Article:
Facebook makes billions of dollars off collecting your personal information and using it to target advertising. However, the users who provide that data don’t see a cent of revenue. That’s what led a team of researchers to ask a simple question of 5,000 Facebook users: what would they hypothetically want to be paid for their data?
“Websites use a combination of tactics, including different defaults, ‘nudging,’ and even obfuscation to get users to give up their data,” researcher Avner Strulov-Shlain said. “We wanted to see how users innately value their data, how the architecture of the choice presentation may affect users’ decisions, and whether some people are more susceptible to these differences than others.”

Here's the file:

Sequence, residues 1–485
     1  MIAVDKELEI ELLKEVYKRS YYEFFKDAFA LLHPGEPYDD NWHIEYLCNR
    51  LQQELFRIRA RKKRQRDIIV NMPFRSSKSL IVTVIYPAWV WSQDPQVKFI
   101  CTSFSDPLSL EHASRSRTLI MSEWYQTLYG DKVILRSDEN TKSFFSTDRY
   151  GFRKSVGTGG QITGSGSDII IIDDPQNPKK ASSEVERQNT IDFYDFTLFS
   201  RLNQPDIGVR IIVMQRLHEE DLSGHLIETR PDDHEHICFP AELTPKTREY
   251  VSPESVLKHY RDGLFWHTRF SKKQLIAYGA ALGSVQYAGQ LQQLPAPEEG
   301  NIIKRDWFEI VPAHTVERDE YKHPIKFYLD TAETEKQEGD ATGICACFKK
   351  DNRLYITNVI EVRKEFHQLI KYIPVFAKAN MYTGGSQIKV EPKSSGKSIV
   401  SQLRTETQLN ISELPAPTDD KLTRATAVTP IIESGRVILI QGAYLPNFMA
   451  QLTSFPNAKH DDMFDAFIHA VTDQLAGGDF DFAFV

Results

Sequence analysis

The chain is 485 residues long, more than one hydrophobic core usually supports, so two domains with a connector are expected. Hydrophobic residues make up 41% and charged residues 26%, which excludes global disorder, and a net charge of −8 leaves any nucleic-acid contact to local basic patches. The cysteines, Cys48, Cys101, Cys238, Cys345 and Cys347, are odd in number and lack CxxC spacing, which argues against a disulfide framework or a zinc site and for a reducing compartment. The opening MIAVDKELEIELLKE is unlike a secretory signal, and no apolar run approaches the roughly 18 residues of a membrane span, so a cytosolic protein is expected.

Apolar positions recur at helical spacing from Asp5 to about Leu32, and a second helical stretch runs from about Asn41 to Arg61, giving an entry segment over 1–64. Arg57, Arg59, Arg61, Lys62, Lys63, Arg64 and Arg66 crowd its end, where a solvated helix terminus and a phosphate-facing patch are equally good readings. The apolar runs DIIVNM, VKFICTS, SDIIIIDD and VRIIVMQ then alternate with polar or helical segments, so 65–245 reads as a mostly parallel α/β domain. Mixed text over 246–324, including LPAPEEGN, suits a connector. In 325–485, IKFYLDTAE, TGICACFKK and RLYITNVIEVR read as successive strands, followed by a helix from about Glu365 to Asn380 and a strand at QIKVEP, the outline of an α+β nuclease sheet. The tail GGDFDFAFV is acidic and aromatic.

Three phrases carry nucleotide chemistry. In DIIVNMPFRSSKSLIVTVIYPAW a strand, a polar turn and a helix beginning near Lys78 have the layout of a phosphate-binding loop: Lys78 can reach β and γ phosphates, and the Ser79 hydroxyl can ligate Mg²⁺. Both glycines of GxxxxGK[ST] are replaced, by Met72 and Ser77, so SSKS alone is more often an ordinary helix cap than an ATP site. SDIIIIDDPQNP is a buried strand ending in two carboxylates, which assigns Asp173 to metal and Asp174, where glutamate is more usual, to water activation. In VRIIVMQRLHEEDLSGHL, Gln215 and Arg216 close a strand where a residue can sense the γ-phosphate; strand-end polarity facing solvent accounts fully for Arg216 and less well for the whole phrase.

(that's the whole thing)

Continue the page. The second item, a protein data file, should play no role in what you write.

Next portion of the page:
The team of researchers discovered that when given a choice, users placed hugely different values on their personal data, but they generally value the same categories of data the most. For example, data about friends and followers was worth the most, but data from posts and the “about me” section was worth the least. Researchers also discovered that younger or less educated users are more susceptible to how Facebook frames requests for data.
Of course, the social media giant isn’t about to let users cut in on its profits, but it’s still encouraging that people value the info of their friends so strongly.
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